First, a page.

“Don’t worry if the stock market is down, prices always recover.” That widespread sentiment reflects the traditional emphasis on stocks—and stock-price appreciation—to provide the bulk of a portfolio’s returns to build assets for retirement. Bonds provided stability and steady income.
But while stock prices may indeed always recover, they can take an inconveniently long time to do so. If before stock prices recover retirement or a financial emergency occurs, for example, that can be a major problem. And the odds of stock prices taking an inconveniently long time to recover are high when the entry point is high. From the mid 1960’s to the early 1980’s, major stock indexes produced no gain in price. Dividends were the only source of return. Similarly, despite the doubling of stock prices over the last two years, the price appreciation on stocks during the last decade was only about 1% annualized.
So as the huge Baby Boomer cohort moves into retirement, private pensions are eliminated and government pensions are curtailed, there is even greater pressure on portfolio returns and steady investment income than in previous decades. In addition, since house prices are generally no longer providing substantial appreciation—and instead will likely decline further—investment portfolios cannot provide extended periods of no price appreciation (unless there is high investment income).
There are two investment sources to provide retirement resources—capital gains from price appreciation, and current income. Considering the two traditional portfolio asset classes—stocks and bonds—conventional prospects are daunting. Substantial, widespread capital gains seem unreliable from this point, despite the flat decade just passed. Stock valuations are quite high on any basis except current-year earnings, which is no reasonable basis when profit margins are at historic highs (from unprecedented cost cutting and government stimulus measures). On a cyclically-adjusted basis, valuations are quite high, as they are on a book value or dividend yield basis. Bonds generally have completed a 30-year bull market, so further price appreciation prospects are similarly questionable.
That leaves current investment income to pick up the slack. However, the dividend yield on stocks is only 1.8% on the S & P 500 Index, the 10-year U.S. Treasury note yield is about 3.4%, and the yield on cash is close to 0.2%.
With those paltry income returns, where can investors turn for sufficient income, growth of income, and protection of their asset base? Fortunately for stock investors, the highest-yielding stocks are generally the most attractive segment of the market at current prices. A number of health-care and communications services (particularly foreign) have substantial dividend yields and prospects for dividend growth to keep up with inflation.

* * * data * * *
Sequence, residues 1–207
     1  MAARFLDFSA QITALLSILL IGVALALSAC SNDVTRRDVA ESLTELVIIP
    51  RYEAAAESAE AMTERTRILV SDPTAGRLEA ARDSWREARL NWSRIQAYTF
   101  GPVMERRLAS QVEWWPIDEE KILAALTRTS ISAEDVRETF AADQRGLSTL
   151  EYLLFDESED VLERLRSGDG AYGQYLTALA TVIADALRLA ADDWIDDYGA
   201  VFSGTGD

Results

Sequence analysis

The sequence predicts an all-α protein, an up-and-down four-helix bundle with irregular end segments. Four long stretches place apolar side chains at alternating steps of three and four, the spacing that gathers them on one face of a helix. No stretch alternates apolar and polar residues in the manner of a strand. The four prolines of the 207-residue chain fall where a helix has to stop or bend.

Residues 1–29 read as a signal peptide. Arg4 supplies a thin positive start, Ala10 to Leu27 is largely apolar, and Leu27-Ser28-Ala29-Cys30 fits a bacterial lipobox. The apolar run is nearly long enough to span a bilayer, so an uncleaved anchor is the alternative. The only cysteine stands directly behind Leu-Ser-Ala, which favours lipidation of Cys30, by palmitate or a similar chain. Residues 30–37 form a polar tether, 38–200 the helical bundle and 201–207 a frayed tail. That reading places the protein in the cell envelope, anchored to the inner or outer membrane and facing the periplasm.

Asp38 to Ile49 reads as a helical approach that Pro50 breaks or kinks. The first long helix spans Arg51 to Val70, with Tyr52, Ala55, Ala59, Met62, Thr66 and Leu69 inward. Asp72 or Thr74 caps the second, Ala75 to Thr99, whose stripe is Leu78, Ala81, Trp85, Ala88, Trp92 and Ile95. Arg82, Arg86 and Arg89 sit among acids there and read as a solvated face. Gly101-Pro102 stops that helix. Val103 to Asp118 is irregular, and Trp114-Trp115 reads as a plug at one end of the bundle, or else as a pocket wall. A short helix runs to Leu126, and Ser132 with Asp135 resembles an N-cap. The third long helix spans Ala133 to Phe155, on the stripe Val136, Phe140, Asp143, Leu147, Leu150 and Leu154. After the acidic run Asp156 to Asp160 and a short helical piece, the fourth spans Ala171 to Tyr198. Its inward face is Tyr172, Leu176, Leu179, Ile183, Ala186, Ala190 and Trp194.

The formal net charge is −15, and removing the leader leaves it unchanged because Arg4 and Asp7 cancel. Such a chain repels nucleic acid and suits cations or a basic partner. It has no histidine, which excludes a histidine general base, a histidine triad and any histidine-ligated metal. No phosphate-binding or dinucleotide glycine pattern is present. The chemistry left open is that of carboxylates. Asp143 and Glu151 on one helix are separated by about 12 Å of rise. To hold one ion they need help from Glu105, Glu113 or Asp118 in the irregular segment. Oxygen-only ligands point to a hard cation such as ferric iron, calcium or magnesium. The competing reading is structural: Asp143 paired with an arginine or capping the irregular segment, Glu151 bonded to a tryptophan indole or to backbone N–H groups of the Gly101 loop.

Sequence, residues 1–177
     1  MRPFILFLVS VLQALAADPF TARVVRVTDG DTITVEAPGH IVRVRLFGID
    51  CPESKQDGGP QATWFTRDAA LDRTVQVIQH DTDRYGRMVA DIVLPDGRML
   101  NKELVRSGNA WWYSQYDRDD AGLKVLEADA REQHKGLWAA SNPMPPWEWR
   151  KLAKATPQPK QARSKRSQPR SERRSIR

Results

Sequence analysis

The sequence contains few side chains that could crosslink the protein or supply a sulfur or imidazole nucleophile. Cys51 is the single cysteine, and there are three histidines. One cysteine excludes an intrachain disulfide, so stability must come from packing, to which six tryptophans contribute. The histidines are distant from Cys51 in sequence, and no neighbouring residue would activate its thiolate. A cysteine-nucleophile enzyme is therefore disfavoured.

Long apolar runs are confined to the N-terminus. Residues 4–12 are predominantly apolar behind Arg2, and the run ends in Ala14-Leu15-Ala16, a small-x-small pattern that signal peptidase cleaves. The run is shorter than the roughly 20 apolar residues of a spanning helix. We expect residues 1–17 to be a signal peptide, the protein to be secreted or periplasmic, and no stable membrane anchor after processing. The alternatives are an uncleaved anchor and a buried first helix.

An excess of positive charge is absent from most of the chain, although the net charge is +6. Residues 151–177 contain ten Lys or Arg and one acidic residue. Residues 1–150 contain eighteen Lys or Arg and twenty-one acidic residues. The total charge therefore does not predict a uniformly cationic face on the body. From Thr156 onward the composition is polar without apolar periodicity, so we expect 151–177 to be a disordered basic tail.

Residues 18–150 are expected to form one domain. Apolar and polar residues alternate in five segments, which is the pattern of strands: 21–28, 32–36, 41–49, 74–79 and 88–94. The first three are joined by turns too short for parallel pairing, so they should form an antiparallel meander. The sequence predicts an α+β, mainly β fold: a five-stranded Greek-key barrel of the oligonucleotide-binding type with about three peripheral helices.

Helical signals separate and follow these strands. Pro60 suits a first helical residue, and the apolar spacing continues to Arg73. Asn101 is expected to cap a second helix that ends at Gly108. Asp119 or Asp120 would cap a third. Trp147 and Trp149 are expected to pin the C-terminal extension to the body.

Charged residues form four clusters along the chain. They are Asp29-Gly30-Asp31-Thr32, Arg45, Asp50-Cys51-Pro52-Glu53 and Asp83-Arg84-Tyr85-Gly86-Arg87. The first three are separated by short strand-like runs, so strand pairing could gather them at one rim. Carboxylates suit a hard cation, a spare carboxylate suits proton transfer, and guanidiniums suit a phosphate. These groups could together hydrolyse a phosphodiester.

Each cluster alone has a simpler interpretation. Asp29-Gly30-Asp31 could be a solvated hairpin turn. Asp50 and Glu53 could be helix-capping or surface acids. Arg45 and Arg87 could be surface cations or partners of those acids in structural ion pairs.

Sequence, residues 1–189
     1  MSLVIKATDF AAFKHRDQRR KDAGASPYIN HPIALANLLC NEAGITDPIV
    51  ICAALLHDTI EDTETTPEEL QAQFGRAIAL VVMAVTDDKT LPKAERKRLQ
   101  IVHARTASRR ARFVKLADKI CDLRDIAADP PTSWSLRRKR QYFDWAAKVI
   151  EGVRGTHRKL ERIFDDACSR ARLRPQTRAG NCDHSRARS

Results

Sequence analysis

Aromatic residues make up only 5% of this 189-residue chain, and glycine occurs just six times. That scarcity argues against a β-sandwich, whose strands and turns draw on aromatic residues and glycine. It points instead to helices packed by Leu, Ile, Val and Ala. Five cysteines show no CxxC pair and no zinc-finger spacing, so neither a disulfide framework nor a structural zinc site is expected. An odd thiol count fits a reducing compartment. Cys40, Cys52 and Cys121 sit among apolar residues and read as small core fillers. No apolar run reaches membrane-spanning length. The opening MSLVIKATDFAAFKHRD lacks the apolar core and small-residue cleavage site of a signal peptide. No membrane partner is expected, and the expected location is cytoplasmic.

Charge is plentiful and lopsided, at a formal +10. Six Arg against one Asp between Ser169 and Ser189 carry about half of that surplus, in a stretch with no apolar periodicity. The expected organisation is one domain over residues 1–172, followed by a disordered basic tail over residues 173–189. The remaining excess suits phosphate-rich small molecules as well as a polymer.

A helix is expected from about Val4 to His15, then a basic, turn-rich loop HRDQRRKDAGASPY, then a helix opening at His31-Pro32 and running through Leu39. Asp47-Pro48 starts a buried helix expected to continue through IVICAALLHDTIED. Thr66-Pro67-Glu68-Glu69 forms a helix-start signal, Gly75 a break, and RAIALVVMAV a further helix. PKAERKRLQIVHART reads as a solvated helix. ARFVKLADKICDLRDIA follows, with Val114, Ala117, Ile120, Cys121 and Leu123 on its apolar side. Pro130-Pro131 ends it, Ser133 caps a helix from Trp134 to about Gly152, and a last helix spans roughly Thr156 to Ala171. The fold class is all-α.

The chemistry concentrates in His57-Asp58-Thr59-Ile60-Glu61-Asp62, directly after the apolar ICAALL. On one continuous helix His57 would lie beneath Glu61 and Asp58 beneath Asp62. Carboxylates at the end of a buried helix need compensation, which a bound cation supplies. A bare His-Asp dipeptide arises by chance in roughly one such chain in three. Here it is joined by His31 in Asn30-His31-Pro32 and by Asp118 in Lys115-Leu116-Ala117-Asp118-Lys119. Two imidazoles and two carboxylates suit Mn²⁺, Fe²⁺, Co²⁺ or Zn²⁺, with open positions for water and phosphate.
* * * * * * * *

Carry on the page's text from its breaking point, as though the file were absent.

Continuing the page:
Is it necessary to be concerned about future inflation, since inflation has not been a problem for some time? Unfortunately, the wild experiment in monetary policy (especially in the U.S.), and probable further large increases in energy and agricultural prices, make protecting the “real” value of income and principal investments crucial.
Gold is a venerable form of money and inflation protection whose decade-long bull market seems intact. But it is not an investment. It is a form of money whose price has no investment basis. Investments are based on the cash that is generated over time, which in the case of stocks provides resources for business expansion and the payment of dividends to owners. Gold generates no cash flow, so a prudent portfolio that has at least a modest gold component will need to generate reliable cash from other sources.
One of the best sources of cash generation for investors is dividends and growth in dividends. I’ve covered income-producing stocks in recent comments, such as high-yielding stocks and moderately-yielding stocks that have prospects for dividend growth (such as Abbott Labs—ABT). In the bond market, inflation-protected government bonds might have some appeal for principal protection. High-yield bonds, another potential source of high-current income, have recovered so sharply from the 2008 financial crisis plunge that their yield premium over U.S. Treasuries is now relatively modest.
In addition to income-oriented common stocks, there are three alternative sources of returns that deserve a prominent place in portfolios for the years ahead. I'll comment more on those in my next posting.
S & P 500: 1301
Russell 2000: 802